For her part, Clohe has adapted very well to her new house.  In the weeks leading up to the move, I had frequent “talks” with her about what was going to happen when we moved to the “new house.”  I would point it out when we drove past, I would tell her that’s where the boxes were going that I was packing and stacking all over the place, and I would explain it to her as she snuggled with me in bed or on the couch.  I explained to our dog how the move was going to affect her.  (After all, we are the kind of people who feel the compulsive need to explain our major life decisions to our golden retriever.)

The day after we signed the papers for the house, I packed up the car with boxes bound for the kitchen, and all of our cleaning supplies, and Clohe.  I packed her beds and all of her toys, and she was moved in first, to help her to get settled.  (After all, we are the kind of people who feel the compulsive need to explain our major life decisions to our golden retriever.)

She seemed to settle in right away.  Within the first day, she had learned her way around, found some good places to lie down, and knew the exact boundaries of our property without us having to show her.  After our first day of working to prepare the house for our move, we walked to my Auntie’s house across the street, and didn’t leash Clohe.  She walked between us the whole way until we reached my aunt’s property line.  At that point, Clohe took off running through the yard and straight to the garage door.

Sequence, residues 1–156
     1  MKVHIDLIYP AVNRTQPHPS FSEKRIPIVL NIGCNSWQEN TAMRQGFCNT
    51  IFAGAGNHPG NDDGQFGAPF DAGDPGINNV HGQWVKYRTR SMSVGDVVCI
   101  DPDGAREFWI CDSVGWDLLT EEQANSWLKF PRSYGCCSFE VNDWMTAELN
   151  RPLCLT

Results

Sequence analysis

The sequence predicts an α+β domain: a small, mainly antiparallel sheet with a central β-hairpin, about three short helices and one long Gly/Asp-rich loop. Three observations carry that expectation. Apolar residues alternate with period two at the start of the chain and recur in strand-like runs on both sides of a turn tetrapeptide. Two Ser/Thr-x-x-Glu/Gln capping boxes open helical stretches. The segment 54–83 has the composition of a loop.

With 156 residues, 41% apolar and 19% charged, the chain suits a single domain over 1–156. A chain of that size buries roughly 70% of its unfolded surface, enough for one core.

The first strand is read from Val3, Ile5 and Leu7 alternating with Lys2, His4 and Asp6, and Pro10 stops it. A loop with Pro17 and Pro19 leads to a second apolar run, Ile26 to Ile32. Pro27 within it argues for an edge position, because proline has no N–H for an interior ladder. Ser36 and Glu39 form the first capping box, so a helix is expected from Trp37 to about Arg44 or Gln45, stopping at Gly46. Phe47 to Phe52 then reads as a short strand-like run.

Last week, we took Clohe to our empty little ranch house to load the car with the last of our belongings.  We took her in the house to show her that our things were gone, and after a brief “run through and sniff,” she seemed satisfied that we wouldn’t be leaving her in the big house all by herself.  We went outside to load the car as Clohe made one final run around the property.  We could almost see her saying goodbye.    Finally, when we were ready to leave, I called to her and said, “Clohe, let’s go home,” expecting her to go to the door between the garage and the kitchen.  Instead, she went to the car and stood by the door until we came to get in with her.